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Caronia
Caronia
Caronia
(Sicilian: Carunìa, Greek: Καλάκτα (Ptol.) or Καλὴ Ἀκτὴ (Diod. et al.), Latin: Calacte or Cale Acte) is a town and comune on the north coast of Sicily, in the province of Messina, about half way between Tyndaris (modern Tindari) and Cephaloedium (modern Cefalù). The town has 3,555 inhabitants. History[edit] Kale Akte (or Caleacte, Calacta, Calacte) derived its name from the beauty of the neighboring country; the whole of this strip of coast between the Montes Heraei and the sea being called by the Greek settlers from an early period, the Fair Shore (ἡ καλὴ Ἀκτή – he Kale Akte)
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Enel
Enel
Enel
is an Italian multinational manufacturer and distributor of electricity and gas. Enel, which originally stood for National Board for Electricity
Electricity
(Ente nazionale per l'energia elettrica), was first established as a public body at the end of 19
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Miletus
Miletus
Miletus
(/maɪˈliːtəs/; Ancient Greek: Μίλητος, translit. Milētos; Hittite transcription Millawanda or Milawata (exonyms); Latin: Miletus; Turkish: Milet) was an ancient Greek city on the western coast of Anatolia, near the mouth of the Maeander
Maeander
River in ancient Caria.[3][4][5] Its ruins are located near the modern village of Balat in Aydın
Aydın
Province, Turkey
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Latin
Latin
Latin
(Latin: lingua latīna, IPA: [ˈlɪŋɡʷa laˈtiːna]) is a classical language belonging to the Italic branch of the Indo-European languages. The Latin alphabet
Latin alphabet
is derived from the Etruscan and Greek alphabets, and ultimately from the Phoenician alphabet. Latin
Latin
was originally spoken in Latium, in the Italian Peninsula.[3] Through the power of the Roman Republic, it became the dominant language, initially in Italy and subsequently throughout the Roman Empire. Vulgar Latin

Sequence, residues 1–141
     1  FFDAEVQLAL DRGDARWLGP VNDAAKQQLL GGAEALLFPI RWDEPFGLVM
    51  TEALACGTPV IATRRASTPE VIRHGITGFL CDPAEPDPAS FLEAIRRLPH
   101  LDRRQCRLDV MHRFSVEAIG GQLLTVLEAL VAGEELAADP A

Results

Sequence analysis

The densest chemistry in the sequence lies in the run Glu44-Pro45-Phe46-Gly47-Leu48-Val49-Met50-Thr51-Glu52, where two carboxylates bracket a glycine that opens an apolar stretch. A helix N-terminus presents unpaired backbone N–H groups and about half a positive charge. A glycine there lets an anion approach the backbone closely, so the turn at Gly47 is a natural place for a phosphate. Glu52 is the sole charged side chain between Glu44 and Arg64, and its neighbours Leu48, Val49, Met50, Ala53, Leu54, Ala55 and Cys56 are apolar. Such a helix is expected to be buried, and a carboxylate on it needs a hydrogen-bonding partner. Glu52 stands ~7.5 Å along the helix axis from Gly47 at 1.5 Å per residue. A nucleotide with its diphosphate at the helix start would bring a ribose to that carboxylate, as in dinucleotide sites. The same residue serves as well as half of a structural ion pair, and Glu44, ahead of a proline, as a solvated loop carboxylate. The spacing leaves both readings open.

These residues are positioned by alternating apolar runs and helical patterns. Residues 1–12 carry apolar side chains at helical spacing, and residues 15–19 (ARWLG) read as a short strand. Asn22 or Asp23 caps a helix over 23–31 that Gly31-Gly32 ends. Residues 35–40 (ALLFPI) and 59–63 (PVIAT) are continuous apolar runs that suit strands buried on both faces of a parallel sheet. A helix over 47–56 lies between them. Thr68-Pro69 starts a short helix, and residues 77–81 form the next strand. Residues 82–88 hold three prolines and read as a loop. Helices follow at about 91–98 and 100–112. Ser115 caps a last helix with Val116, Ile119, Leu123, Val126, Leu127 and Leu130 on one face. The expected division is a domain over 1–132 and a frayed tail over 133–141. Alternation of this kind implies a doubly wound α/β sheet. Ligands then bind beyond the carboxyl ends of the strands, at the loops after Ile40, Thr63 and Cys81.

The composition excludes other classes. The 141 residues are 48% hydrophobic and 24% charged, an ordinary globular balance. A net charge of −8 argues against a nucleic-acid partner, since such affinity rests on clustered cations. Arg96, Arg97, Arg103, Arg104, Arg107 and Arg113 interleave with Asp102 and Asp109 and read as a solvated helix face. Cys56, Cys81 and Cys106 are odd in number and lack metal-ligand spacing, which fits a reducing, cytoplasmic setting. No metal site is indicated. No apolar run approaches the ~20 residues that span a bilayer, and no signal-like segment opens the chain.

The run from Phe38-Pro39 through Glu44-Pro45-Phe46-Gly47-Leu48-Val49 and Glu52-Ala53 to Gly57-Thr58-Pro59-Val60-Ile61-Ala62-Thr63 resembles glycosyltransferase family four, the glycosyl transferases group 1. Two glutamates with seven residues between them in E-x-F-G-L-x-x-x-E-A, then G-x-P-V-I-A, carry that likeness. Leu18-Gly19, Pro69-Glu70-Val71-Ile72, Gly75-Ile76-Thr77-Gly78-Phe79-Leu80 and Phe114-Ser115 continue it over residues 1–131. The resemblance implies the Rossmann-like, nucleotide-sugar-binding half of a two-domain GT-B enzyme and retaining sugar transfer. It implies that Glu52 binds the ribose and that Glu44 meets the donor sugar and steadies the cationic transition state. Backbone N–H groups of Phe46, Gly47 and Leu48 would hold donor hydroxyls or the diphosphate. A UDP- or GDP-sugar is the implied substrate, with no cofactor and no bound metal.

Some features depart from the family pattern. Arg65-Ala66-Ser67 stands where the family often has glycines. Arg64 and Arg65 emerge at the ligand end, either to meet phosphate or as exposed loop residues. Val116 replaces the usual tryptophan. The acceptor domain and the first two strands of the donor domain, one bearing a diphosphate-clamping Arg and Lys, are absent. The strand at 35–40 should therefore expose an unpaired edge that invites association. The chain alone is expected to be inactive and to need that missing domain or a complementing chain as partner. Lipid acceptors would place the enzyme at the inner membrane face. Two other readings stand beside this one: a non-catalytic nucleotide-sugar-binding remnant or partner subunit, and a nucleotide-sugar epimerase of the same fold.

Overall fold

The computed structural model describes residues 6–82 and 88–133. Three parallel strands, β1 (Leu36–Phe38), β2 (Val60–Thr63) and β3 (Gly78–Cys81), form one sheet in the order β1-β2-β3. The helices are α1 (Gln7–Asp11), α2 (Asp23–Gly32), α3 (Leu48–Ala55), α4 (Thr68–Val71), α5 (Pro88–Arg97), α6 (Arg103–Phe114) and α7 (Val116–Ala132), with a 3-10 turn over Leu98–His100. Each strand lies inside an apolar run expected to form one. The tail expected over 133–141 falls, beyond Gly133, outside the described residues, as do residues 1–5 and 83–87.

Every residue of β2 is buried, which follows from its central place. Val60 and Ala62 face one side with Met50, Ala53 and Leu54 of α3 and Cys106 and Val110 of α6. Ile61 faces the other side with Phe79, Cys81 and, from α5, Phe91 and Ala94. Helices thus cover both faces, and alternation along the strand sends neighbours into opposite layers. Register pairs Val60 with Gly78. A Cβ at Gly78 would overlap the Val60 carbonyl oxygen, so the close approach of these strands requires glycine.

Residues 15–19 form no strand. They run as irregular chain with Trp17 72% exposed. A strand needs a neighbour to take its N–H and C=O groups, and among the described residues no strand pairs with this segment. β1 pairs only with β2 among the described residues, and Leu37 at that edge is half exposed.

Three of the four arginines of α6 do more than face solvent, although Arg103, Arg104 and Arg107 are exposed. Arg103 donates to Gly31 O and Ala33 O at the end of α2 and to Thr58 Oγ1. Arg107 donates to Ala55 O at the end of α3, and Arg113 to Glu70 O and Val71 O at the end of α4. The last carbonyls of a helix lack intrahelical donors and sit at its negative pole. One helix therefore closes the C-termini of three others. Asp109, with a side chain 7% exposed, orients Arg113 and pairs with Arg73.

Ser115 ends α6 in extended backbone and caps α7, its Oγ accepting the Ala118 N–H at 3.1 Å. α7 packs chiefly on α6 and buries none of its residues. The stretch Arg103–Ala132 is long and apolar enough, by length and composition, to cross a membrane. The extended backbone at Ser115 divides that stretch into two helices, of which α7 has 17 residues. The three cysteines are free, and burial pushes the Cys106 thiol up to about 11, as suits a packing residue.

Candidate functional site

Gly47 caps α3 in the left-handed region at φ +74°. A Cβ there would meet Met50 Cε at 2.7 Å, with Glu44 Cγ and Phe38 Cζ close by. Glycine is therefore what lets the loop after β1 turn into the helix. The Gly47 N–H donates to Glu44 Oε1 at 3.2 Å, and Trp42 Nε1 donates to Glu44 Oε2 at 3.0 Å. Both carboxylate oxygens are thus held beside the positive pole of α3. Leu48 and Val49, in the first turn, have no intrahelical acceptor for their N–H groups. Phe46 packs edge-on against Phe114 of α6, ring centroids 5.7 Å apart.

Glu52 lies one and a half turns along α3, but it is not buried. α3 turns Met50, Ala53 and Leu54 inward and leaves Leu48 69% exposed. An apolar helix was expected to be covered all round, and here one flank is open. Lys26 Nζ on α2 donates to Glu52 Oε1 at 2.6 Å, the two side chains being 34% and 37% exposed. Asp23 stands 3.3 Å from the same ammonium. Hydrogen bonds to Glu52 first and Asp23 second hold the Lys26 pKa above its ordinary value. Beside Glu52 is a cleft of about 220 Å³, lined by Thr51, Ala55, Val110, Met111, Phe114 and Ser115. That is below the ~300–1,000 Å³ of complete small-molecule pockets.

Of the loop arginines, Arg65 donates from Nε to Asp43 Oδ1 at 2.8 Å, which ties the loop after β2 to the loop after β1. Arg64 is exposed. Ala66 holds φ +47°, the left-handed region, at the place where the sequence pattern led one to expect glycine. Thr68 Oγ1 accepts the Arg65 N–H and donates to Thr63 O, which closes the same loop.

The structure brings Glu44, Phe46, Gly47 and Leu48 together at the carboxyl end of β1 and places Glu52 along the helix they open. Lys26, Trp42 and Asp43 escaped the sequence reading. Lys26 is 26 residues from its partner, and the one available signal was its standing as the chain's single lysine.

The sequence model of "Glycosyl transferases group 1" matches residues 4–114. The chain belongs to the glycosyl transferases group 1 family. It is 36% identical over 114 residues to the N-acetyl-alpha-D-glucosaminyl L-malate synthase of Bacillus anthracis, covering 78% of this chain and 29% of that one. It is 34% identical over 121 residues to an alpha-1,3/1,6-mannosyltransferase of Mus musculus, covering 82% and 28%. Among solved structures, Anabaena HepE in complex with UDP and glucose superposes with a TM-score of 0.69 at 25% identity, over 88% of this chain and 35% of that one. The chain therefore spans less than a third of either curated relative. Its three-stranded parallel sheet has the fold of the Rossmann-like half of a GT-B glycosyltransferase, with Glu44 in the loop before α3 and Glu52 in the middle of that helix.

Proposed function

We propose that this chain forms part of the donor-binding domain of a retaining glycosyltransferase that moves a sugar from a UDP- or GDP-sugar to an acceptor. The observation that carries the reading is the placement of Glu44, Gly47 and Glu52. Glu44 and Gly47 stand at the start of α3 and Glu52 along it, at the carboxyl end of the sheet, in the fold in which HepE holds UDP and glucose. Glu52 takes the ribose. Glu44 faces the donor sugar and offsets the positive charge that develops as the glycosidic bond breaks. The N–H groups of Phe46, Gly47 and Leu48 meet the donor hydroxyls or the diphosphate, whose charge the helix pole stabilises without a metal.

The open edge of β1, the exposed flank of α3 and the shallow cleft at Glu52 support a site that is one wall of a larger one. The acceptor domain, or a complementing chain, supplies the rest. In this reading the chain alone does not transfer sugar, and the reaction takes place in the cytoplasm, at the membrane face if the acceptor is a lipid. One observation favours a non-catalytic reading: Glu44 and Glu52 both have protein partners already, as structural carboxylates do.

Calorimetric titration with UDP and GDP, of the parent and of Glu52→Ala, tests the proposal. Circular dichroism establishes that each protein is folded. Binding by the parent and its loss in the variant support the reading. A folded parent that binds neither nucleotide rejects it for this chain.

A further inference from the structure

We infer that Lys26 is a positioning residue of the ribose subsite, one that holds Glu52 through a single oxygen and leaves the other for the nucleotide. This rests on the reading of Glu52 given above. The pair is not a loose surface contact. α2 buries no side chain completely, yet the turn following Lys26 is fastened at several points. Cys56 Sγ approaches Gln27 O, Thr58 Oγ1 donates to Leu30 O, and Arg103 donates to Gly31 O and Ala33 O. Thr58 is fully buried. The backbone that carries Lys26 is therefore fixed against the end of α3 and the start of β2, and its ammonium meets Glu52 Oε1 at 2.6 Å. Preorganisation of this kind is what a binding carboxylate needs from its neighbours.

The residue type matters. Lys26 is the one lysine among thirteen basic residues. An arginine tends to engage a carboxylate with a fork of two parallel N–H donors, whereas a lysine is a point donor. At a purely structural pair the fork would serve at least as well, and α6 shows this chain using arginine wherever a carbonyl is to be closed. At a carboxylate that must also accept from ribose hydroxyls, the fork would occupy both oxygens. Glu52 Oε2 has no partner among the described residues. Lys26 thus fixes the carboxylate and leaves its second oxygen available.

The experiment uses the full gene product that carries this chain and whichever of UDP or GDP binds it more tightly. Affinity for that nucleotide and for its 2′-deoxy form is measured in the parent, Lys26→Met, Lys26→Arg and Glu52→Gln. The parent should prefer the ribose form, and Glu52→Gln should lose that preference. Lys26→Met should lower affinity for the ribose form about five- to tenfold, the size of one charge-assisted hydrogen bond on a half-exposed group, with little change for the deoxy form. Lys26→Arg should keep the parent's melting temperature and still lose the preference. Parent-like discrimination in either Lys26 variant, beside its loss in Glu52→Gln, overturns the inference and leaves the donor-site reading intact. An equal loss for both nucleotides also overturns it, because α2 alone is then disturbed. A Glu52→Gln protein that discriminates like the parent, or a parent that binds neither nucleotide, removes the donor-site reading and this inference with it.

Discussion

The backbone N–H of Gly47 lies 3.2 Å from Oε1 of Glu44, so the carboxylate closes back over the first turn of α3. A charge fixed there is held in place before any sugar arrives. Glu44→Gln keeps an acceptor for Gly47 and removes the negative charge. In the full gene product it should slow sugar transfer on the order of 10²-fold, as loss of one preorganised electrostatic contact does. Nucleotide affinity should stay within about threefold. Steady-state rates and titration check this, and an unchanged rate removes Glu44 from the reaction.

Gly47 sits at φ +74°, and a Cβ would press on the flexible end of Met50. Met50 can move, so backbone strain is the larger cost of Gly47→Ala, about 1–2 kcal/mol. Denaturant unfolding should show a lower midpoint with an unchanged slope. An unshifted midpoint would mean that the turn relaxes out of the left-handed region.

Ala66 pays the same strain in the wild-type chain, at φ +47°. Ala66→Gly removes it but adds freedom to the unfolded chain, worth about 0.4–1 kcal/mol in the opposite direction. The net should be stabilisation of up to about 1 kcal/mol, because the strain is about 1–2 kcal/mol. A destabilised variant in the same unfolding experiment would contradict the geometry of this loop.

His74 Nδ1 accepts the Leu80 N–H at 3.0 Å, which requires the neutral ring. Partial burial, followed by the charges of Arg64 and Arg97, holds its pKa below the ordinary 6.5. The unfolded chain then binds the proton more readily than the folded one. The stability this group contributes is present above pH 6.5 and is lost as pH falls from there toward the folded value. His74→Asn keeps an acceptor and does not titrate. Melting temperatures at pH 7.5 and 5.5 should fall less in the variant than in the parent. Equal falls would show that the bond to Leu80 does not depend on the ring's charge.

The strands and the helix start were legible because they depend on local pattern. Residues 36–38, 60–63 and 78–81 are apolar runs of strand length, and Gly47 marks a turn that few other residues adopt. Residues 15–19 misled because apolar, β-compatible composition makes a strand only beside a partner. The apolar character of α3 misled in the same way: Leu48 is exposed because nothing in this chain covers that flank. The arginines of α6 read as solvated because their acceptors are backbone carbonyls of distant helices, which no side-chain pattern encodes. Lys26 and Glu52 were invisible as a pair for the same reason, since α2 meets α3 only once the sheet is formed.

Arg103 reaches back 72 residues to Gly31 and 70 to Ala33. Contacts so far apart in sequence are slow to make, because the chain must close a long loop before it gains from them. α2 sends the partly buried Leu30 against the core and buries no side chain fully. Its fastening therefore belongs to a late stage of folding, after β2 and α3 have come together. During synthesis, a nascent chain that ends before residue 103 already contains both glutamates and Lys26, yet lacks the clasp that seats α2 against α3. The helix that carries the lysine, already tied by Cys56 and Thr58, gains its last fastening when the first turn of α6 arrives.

Vulgar Latin
developed into the Romance languages, such as Italian, Portuguese, Spanish, French, and Romanian. Latin, Greek and French have contributed many words to the English language
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Caecilius Of Caleacte
Caecilius (/sɪˈsiːliəs/), of Calacte in Sicily, Greek rhetorician, flourished at Rome during the reign of Augustus. Originally called Archagathus (Greek: Ἀρχάγαθος), he took the name of Caecilius from his patron, one of the Metelli. According to the Suda, he was of the Jewish faith
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Comune
The comune (IPA: [koˈmune]; plural: comuni, IPA: [koˈmuni]) is a basic administrative division in Italy, roughly equivalent to a township or municipality.Contents1 Importance and function 2 Subdivisions 3 Homonymy 4 See also 5 References 6 External linksImportance and function[edit] The comune provides many of the basic civil functions: registry of births and deaths, registry of deeds, and contracting for local roads and public works. It is headed by a mayor (sindaco) assisted by a legislative body, the consiglio comunale (communal council), and an executive body, the giunta comunale (communal committee). The mayor and members of the consiglio comunale are elected together by resident citizens: the coalition of the elected mayor (who needs an absolute majority in the first or second round of voting) gains three fifths of the consiglio's seats